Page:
Elevator Pitch for the Semantic Web
February 2, 2011
SemanticWeb.com invited people to make video elevator pitches for the Semantic Web, focused on the question “What is the Semantic Web?”. I decided to give it a go.
I’d love to hear comments from folks who share my motivation, trying to solve this ‘every app is a walled garden’ problem.
In case you’re curious, here’s the script I’d written down, which turned out to be wayyyy to long for the elevators in my building, and also too long for me to remember.
Eric Franzon of SemanticWeb.Com invited people to send in an elevator pitch for the Semantic Web. Here’s mine, aimed at a non-technical audience. I’m Sandro Hawke, and I work for W3C at MIT, but this is entirely my own view.
The problem I’m trying to solve comes from the fact that if you want to do something online with other people, your software has to be compatible with theirs. In practice this usually means you all have to use the same software, and that’s a problem. If you want to share photos with a group, and you use facebook, they all have to use facebook. If you use flickr, they all have to use flickr.
It’s like this for nearly every kind of software out there.
The exceptions show what’s possible if we solve this problem. In a few cases, through years of hard work, people have been able to create standards which allow compatible software to be built. We see this with email and we see this with the web. Because of this, email and the Web are everywhere. They permeate our lives and now it’s hard to imagine modern life without them.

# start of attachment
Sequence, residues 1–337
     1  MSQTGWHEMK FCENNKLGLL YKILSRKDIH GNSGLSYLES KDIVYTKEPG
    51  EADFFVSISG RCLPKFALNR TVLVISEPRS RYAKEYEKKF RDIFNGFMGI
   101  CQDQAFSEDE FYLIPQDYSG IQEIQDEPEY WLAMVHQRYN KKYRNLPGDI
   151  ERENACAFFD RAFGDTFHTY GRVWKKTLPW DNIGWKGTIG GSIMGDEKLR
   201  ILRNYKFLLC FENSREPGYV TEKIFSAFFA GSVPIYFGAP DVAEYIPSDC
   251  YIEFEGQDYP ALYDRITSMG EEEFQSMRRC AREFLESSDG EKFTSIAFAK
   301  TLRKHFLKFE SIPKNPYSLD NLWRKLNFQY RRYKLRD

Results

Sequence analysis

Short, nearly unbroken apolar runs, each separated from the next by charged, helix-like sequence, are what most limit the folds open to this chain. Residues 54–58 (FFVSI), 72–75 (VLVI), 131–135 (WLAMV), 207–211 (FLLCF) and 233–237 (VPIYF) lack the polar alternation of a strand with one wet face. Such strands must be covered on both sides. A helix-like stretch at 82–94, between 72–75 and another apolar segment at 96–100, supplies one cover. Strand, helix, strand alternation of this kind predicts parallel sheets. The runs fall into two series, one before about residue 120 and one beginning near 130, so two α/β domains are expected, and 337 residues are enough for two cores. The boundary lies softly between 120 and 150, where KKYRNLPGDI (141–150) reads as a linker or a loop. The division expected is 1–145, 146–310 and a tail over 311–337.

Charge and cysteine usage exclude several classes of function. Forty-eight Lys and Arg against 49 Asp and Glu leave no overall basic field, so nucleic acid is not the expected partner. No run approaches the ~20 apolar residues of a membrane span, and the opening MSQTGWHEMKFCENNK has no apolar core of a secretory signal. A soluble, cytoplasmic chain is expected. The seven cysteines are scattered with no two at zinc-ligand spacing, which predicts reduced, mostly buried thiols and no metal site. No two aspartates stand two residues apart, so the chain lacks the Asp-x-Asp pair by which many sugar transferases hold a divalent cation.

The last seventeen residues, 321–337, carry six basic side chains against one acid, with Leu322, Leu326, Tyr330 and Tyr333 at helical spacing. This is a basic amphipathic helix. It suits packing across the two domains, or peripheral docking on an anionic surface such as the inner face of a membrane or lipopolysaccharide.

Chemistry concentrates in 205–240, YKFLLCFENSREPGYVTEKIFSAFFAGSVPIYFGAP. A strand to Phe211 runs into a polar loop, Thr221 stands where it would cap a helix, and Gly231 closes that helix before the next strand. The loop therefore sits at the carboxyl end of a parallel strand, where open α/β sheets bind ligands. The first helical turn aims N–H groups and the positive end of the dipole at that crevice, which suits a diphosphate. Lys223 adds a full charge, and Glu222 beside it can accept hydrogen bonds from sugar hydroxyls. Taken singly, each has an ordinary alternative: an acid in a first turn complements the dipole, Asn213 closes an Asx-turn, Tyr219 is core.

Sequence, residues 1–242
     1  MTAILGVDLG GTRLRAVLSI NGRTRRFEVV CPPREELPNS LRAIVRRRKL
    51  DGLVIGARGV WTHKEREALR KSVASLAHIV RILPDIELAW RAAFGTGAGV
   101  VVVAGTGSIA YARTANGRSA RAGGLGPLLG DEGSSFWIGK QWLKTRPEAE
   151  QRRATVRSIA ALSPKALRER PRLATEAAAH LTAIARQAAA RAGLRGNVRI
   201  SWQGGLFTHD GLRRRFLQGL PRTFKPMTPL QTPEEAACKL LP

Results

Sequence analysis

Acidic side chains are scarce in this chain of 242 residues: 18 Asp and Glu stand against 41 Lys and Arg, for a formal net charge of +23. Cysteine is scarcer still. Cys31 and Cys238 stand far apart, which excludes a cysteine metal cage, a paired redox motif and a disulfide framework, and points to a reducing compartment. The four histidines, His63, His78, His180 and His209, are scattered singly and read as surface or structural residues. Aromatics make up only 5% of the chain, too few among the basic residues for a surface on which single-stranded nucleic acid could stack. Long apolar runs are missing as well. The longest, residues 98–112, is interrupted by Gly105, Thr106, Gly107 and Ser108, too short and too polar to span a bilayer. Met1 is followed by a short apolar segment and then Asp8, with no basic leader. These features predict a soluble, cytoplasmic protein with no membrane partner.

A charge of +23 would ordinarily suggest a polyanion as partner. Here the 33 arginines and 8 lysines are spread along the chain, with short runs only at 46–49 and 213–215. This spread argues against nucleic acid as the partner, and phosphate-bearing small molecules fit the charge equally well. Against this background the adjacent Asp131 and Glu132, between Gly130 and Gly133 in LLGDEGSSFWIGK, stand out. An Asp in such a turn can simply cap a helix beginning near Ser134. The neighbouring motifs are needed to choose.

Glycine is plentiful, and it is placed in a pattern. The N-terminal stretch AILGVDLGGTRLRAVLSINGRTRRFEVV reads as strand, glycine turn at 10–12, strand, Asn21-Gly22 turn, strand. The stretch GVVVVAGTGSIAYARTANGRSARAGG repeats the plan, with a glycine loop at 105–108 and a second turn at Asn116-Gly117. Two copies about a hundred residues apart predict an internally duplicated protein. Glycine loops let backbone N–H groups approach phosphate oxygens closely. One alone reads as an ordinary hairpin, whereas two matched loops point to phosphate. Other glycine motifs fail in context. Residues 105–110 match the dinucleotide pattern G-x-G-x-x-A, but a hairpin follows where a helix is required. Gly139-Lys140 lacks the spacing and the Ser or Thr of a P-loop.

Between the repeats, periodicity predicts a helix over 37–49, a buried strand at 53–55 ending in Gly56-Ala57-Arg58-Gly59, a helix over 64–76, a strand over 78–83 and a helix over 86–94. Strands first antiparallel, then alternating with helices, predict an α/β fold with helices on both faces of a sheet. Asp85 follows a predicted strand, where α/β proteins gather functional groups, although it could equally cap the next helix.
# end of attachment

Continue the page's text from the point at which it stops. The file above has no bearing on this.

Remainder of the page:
In other areas, though, we’re stuck, because we don’t have these standards, and we’re not likely to get them any time soon. So if you want to create, explore, play a game, or generally collaborate with a group of people on line, every person in the group has to use the same software you do. That’s a pain, and it seriously limits how much we can use these systems.
I see the answer in the Semantic Web. I believe the Semantic Web will provide the infrastructure to solve this problem. It’s not ready yet, but when it is, programs will be able to use the Semantic Web to automatically merge data with other programs, making them all — automatically — compatible.
If I were up to doing another take, I’d change the line about the Semantic Web not being much yet. And maybe add a little more detail about how I see it working. I suppose I’d go for this script:
Okay, elevator pitch for the Semantic Web.
What is the Semantic Web?
Well, right now, it’s a set of technologies that are seeing some adoption and can be useful in their own right, but what I want it to become is the way everyone shares their data, the way all software works together.
This is important because every program we use locks us into its own little silo, its own walled garden
For example, imagine I want to share photos with you. If I use facebook, you have to use facebook. If I use flickr, you have to use flicker. And if I want to share with a group, they all have to use the same system
That’s a problem, and I think it’s one the Semantic Web can solve with a mixture of standards, downloadable data mappings, and existing Web technologies.
I’m Sandro Hawke, and I work for W3C at MIT. This has been entirely my own opinion.
(If only I could change the video as easily as that text. Alas, that’s part of the magic of movies.)
So, back to the subject at hand. Who is with me on this?